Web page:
Featured Product
This Week in Quality Digest Live
Standards Features
Harish Jose
Using OC curves to generate reliability/confidence values
Phanish Puranam
Instead of blindly adopting industry best practice, companies can pilot new organizational designs
William A. Levinson
All is not gold that glitters
Grant Ramaley
IAF CertSearch now mandatory for accredited certification bodies
Megan Wallin-Kerth
MasterControl’s Matt Lowe talks competition, data, and what quality does for a company

More Features

Standards News
Ensuring product consistency, quality, and adherence to federal and state standards
Omnex webinar on May 11, 2023
Digital Twin Consortium’s white paper guides strategies for building owners and stakeholders
Copper, titanium, and 304L stainless-steel powders from Desktop Metal have qualified for production
Webinars cover Automotive SPICE and carbon neutrality standards
Creates one of the most comprehensive regulatory SaaS platforms for the industry

More News

Denise Robitaille


Risky Business

Providing direction without offering solutions

Published: Tuesday, October 9, 2007 - 22:00

Last month’s column dealt with how to effectively communicate a finding of nonconformity in an audit report. It’s pretty straightforward: Here’s the requirement; there’s the evidence. They don’t match.

Observations, which are now often called opportunities for improvement (OFIs), aren’t so cut and dried. There’s no definite determination that a requirement hasn’t been fulfilled. There’s either inadequate evidence to conclude something is wrong or there’s a perception that something could easily go wrong. The first suggests the possibility that things may not be OK, but the situation has yet to come to light. The second intimates that the practices in place are implemented in such a way that there’s a risk of a breakdown.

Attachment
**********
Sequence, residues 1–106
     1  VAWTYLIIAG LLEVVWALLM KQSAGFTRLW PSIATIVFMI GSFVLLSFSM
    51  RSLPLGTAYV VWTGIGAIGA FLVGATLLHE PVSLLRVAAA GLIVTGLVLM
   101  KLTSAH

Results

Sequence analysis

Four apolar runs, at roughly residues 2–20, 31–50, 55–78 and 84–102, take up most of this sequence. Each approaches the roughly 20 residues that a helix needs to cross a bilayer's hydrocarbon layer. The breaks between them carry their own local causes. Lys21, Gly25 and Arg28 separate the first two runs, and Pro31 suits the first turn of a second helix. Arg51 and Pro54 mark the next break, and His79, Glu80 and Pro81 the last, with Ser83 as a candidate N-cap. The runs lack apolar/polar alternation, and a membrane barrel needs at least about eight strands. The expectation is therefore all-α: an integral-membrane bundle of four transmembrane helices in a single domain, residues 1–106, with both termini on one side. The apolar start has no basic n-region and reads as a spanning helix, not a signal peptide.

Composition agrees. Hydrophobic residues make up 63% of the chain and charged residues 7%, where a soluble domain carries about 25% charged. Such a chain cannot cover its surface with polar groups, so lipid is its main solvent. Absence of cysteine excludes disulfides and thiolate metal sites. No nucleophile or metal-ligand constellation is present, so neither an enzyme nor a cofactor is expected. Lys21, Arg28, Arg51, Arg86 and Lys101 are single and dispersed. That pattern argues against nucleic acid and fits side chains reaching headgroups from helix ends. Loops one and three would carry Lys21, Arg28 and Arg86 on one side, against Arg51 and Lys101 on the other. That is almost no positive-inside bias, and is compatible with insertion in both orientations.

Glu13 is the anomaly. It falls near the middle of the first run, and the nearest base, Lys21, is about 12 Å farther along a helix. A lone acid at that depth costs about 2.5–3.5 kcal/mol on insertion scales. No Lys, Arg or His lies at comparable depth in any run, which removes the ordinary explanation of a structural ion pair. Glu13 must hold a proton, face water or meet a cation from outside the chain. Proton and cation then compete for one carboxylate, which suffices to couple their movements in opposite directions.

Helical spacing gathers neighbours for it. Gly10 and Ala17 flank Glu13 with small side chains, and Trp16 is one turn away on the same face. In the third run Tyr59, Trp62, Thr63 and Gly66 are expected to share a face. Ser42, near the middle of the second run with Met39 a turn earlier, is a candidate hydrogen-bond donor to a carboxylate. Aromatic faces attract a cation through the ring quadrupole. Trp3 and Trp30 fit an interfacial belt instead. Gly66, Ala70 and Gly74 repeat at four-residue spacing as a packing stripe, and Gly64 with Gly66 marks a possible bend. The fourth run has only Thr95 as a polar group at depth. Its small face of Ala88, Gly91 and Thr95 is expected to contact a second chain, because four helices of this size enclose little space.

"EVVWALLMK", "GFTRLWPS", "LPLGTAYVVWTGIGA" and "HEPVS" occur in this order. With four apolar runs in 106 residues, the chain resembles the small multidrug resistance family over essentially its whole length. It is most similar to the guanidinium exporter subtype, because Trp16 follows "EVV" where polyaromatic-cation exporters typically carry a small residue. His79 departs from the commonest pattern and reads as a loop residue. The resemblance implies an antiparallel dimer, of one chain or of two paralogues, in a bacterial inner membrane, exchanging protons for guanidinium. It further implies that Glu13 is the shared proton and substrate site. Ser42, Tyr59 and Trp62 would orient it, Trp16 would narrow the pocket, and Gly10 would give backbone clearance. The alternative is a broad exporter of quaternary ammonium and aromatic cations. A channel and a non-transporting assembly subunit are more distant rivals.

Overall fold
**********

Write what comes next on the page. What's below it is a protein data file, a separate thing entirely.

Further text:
In either case, the tacit message that the auditor is sending to the auditee is that this requires attention. Despite the ongoing debate as to whether or not auditors should make recommendations, I continue to adopt the philosophy that saying “should” to an auditee is outside the accepted purview of our responsibility. We can have enormous influence without taking inappropriate ownership of the organization’s problem-solving prerogative.

There are four constituent parts to each OFI:
1) Description of what might be wrong
2) Reference to the applicable requirement
3) Evidence to substantiate the observation
4) Statement of risk

Say what could be wrong.
This is a statement of concern. “It is unclear if the sampling plan utilized for XYZ parts is adequate to ensure that defective parts are not installed into customer subassemblies.” It’s not a matter of whether they have a sampling plan or if they’re using it. This asks if the use of the sampling plan fulfills the requirement in such a way as to get the desired result—the detection of bad parts.

Refer to the specific requirement.
Even though you aren’t issuing a nonconformance report (NCR), you still have to tie the observation to a requirement. Otherwise, you can easily fall into the consulting trap. (“No, it’s not a requirement, but I think it’s a good idea.”). Auditors who conduct lots of assessments sometimes blur the line between actual requirements and good practices they’ve seen employed by a large majority of organizations in a particular industry. While their insight helps to articulate risk clearly, it doesn’t obviate staying within the scope of the requirements.

The same rules apply as for an NCR: Be accurate and specific. Make sure to include numbers, revision levels, and dates, as appropriate.